When you start a business, a wide variety of issues can occupy your attention, with taxes often put on the back burner while you deal with more pressing concerns. However, it’s important to remember that there are substantial penalties for businesses that pay their taxes too late. Therefore, it’s always a good idea for small business owners to have a solid understanding of their tax obligations. So, when do you have to start paying taxes? How much tax does my business need to pay? Read our comprehensive guide for a little more information.
When do you have to start paying taxes?
The current tax year runs from 6 April 2020 to 5 April 2021. Different taxes have different payment schedules, so we’ll provide you with an overview of the different taxes and when payment is due.
Corporation tax is a tax on the profits made by your business over the financial year. It must be paid nine months and one day after your business’s accounting period ends. Usually, this is March 31, which means you’ll need to pay corporation tax on January 1. Currently, the corporation tax rate is set at 19%.
Income tax is paid on income you receive personally, such as salary and dividends. If you’re a limited company director, income tax is paid through your business’s PAYE scheme. For sole traders, income tax will be paid based on the profit made from the business which is included on your self-assessment tax return.
National Insurance helps to build up your state pension and pay for public services. As is the case with income tax, National Insurance will be taken via PAYE for limited company directors. The payment process for sole traders is a little different. Essentially, it’s calculated as part of the annual self-assessment and paid to HMRC by January 31 and as part of your payment on account (July 31).
VAT (Value Added Tax) is a consumption tax that’s added to the cost of goods and services. Companies aren’t registered for VAT automatically, and unless your annual turnover exceeds the VAT threshold (£85,000) it doesn’t need to be paid. If you do need to pay VAT, it needs to be paid quarterly, with VAT returns submitted to HMRC within 37 days of the end of the quarter.
It’s also important to remember that your company’s tax obligations are determined by your business structure, which also dictates when your taxes are due.
Tax obligations for sole traders
As a sole trader, your tax-free personal allowance is £12,500. As long as you’re earning less than that, you won’t need to pay any income tax. If your business earns between £12,501-50,000, you’ll pay a basic 20% income tax rate. If your earnings fall between £50,001 and £150,000, you’ll pay 40%. A 45% rate applies to businesses with a taxable income of £150,000 plus.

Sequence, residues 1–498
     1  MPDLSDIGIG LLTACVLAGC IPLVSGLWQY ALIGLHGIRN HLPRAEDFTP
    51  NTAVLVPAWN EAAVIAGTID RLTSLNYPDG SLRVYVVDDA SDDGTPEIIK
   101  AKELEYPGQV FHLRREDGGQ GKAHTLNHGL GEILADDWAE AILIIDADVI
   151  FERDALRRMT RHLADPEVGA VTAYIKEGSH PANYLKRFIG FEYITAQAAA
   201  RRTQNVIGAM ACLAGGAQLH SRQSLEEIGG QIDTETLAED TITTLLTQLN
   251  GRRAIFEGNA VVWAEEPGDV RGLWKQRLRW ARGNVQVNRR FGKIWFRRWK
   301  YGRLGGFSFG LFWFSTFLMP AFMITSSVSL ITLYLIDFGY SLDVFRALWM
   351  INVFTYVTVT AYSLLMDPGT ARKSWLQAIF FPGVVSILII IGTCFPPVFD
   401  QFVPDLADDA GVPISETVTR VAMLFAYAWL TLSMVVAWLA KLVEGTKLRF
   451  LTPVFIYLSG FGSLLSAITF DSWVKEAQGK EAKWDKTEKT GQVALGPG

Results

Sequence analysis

You’ll also need to send a self-assessment tax return every year and pay National Insurance. Furthermore, if your earnings are expected to be above £85,000 over a 12-month period, you’ll need to register for VAT. Sole traders do not need to pay corporation tax.
Tax obligations for limited companies
Limited companies are required to send Companies House an annual tax return, compile statutory accounts, send a company tax return to HMRC, and register for VAT (if earnings exceed £85,000). In addition, a director of a limited company is required to return a self-assessment tax return and pay tax/National Insurance through PAYE if they receive a salary from the business.
Tax obligations for partnerships
Partnerships have similar tax obligations. Firstly, partners are required to pay income tax on their share of the business’s profits (the same breakdown for sole traders applies to partnerships). They also need to pay National Insurance, send a personal self-assessment tax return, and register for VAT if earnings exceed £85,000. In addition, the nominated partner is required to send a partnership self-assessment tax return on an annual basis.
Tax obligations for limited partnerships and limited liability partnerships
Partners of a limited partnership or limited liability partnership need to send a partnership self-assessment tax return every year and register the partnership for VAT if the business’s earnings meet or exceed the threshold. Furthermore, each partner is obligated to pay income tax on their share of the company’s profits, send a personal self-assessment tax return, and pay National Insurance.
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